Grenache and Food in the Old and New Worlds
Grenache based wines are food friendly and pair well with a wide variety of cuisines. When done well, single varietal Grenache offers a rich core of fruit with good acidity and balance and just the right amount of tannins to match well with many different dishes without overpowering them. When blended with other grapes, such as Syrah (Shiraz) and Mourvèdre (Mataro), the Grenache blend takes on a floral fruity character with the depth of flavor, peppery spice and earthy character that enables it to be paired well with a wide range of foods and preparations. As we discovered in doing the research for our Report #39 The Best of Grenache, Grenache-based wines are among the most versatile wines for pairing with food. Following are some fine examples of the many ways Grenache is paired with food in France, Spain, Australia, California and Washington State.
France. In the Rhone and elsewhere in France, the French generally pair Châteaneuf-du-Pape, Gigondas, and other Grenache-based wines with beef, lamb, rabbit and game birds. The preferred preparations are grilling and braising, the latter consisting of rich aromatic stews (daubes and civets) slowly cooked with fresh vegetables; casseroles of potato gratin layered with wild mushrooms; and roasted root vegetables in olive oil with basil, herbes de Provence, and wine. Grenache-based wines also pair well with Mediterranean dishes, while the absence of new oak in the wines means they can be enjoyed with lighter dishes such as fish and veal.
Grenache is also paired with chicken and black olives or squabs rubbed with anise or garlic, wrapped in bacon and in a myriad of other preparations. In its fruit forward and aromatic guise, Grenache is paired with highly aromatic and seasoned dishes containing garlic, herbes de Provence, rosemary, thyme, etc. and Mediterranean dishes that contain sweet duck, venison, peppers, eggplant, and olives. In fact, the French term for the local Mediterranean wild herbs, ‘garrigue’, is often used by experienced tasters to describe the flavor nuances of Grenache
Spain. The Spanish pair Garnacha-based wines with a wide variety of foods ranging from simple tapas to more elaborate dishes. Simple, single varietal rosés (rosados) and other fruity Garnachas are very popular throughout Spain and are often the preferred wine for pairing with an endless variety of tapas, chorizos, garlic-infused pollo al ajillo, tortilla de patatas, grilled sardines etc. A light peppered style Grenache can be a wonderful accompaniment to gazpacho. For somewhat more complex chicken, fish and pork dishes, oxtail and other stews, and paella, more complex and earthy Garnachas or Garnacha blends, like Priorats, are a favorite choice.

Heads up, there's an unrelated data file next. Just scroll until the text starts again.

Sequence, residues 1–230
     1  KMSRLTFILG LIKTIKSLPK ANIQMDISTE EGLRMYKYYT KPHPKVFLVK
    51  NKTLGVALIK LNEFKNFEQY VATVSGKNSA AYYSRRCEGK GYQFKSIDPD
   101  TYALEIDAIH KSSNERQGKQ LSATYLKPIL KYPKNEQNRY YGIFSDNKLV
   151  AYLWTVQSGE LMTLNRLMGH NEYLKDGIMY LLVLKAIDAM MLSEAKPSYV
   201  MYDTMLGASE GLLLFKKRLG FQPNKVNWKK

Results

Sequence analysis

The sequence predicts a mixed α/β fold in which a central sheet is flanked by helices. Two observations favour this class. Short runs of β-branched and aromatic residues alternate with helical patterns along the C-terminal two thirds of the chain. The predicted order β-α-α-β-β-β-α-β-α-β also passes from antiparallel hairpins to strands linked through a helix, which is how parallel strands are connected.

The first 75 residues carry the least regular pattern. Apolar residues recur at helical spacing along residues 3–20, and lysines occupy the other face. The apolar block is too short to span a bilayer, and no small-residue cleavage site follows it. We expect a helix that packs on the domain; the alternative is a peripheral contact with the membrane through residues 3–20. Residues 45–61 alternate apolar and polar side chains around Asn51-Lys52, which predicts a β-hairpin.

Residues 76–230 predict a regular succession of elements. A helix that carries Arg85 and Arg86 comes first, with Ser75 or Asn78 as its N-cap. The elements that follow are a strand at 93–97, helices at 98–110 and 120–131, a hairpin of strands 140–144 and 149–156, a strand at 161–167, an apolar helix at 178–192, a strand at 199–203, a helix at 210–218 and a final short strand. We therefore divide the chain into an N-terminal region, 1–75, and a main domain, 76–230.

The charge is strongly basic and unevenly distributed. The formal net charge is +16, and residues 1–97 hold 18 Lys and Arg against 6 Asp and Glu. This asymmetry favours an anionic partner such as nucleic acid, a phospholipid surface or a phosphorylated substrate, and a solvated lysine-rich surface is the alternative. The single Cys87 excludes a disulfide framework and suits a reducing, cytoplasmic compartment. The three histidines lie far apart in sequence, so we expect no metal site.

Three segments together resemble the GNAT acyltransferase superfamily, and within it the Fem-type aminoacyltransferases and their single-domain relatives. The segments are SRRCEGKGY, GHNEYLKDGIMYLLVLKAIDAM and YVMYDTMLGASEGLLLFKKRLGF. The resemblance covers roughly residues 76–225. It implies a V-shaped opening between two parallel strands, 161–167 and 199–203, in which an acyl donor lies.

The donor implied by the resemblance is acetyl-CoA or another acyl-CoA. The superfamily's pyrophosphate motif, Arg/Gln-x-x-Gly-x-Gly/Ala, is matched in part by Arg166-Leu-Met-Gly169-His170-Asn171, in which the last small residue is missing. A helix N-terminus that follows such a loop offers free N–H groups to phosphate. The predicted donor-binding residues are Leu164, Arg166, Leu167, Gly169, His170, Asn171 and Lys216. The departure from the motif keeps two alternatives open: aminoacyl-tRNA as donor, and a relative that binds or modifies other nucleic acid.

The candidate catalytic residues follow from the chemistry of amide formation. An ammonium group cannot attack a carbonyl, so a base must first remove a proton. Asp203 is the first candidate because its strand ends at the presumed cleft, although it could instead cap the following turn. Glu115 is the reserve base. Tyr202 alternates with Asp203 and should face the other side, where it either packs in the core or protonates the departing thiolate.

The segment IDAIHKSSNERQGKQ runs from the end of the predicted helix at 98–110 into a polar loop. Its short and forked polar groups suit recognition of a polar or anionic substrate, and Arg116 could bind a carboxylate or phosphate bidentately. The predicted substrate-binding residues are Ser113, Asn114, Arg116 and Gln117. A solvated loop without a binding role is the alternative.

Australia. Australians enjoy Grenache with a wide range of seasonal produce and classical cuisines. Rabbit and pork sausage or slow roasted pork, red roast duck with plum and other fruit glazes or duck confit with cherries, boned quail with wild mushrooms, grain fed chicken, pan fried veal chops, and mushroom pie are just some examples. We should not forget the Aussies’ love of a good barbecue, of course, where the sweet/spicy marinades are just perfect for the flavors Grenache brings to the table. Fresh fish such as snapper and marlin prepared with fresh herbs and berries are a favorite accompaniment as is smoked fish. The rich and flavorful old vines Grenaches and some GSMs (Grenache-Shiraz-Mourvèdre) pair beautifully with game meats served with a raspberry or sour cherry sauce or glaze.
California and Washington. Grenache in its various guises pairs beautifully with California and Washington State cuisine. It is regularly served with roasts of veal and lighter meats and poultry accompanied by various fruit sauces. It is also often paired with roasted salmon, ahi tuna, and other fish dishes that are served with caramelized onions and other vegetables, as well as lentils, eggplants, mushrooms, herbs and root vegetables. Asian style grilled squab and other grilled dishes with Asian spice aromas and marinades play well with Grenache. These might include Thai-style grilled lamb with raspberry-Mango relish, pork tenderloin with pomegranate sauce and countless other dishes provided they are not too heavily spiced.
Mike Potashnik and Don Winkler